Stages’ Newest Panto Offers Pensive Alternative to Today’s Disney-fied Musical Theater
Panto Little Mermaid is the newest addition to Stages’ growing repertoire of fairy tales reimagined as “panto” theater.
For the uninitiated, “panto” is a very British form of theatrical entertainment, with roots in 17th century Italian commedia dell'arte, where familiar stories are given a contemporary, sometimes cynical spin, using slapstick, double entendres, and musical parodies of popular tunes. Audiences are encouraged to shout at the performers, who regularly break character and the proverbial “the fourth wall.”
Riffing on the 1989 Disney animated film, Panto Little Mermaid (through Dec. 31)tells the story of Hairelle (played by Macy Herrera), a 16-year-old mermaid who lives with a menagerie of wise-cracking sea creatures at the bottom of Galveston Bay, “where the water is questionable and there’s garbage a plenty.”
Accordingly, when we first see Hairelle, she’s combing plastic trash out of her long, Manic Panic-colored red locks. Kind of a bummer way to begin a holiday family show, but Stages figures kids who are genuinely concerned about the future of our planet will relate. (Greta Thunberg was a year younger than Hairelle when she began her environmental activism, right?)
However, like its message of impending environmental disaster, much of the humor in the show is very adult, with references to Enron, booze and epidurals (Hairelle’s BFF is a pregnant male seahorse). There are also several subplots shoehorned into the script to articulate a laudable overall message of inclusivity, but may end up creating more confusion than insight for little ones. Parents might want to take all of that into account when attending with their young audience members who brought Little Mermaid dolls to the show.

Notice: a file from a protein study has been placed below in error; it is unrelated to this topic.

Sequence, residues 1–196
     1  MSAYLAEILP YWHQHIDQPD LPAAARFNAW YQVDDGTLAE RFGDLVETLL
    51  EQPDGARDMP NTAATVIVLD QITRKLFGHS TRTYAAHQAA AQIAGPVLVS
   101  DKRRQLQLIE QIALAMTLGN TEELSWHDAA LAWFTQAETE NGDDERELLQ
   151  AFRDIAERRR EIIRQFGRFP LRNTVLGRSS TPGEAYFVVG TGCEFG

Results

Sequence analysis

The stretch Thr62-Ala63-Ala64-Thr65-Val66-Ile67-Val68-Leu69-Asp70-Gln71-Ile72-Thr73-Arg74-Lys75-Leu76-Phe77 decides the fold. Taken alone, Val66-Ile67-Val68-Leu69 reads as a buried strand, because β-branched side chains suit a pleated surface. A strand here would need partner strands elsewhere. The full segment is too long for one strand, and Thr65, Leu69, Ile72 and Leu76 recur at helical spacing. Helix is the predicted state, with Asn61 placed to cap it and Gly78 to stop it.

So, while some theater-goers may feel Panto Little Mermaid doesn’t quite capture the holiday spirit, others — especially parents of precocious children who, like Hairelle, are ready to surface and walk on their own two legs — it might be just the ticket. It’s truly an original, and refreshing alternative to the Disneyfication of musical theater.
Stephanie Jones, Macy Herrera and Catherine Pope / photo by Melissa Taylor
Holland Vavra as Pursula / photo by Melissa Taylor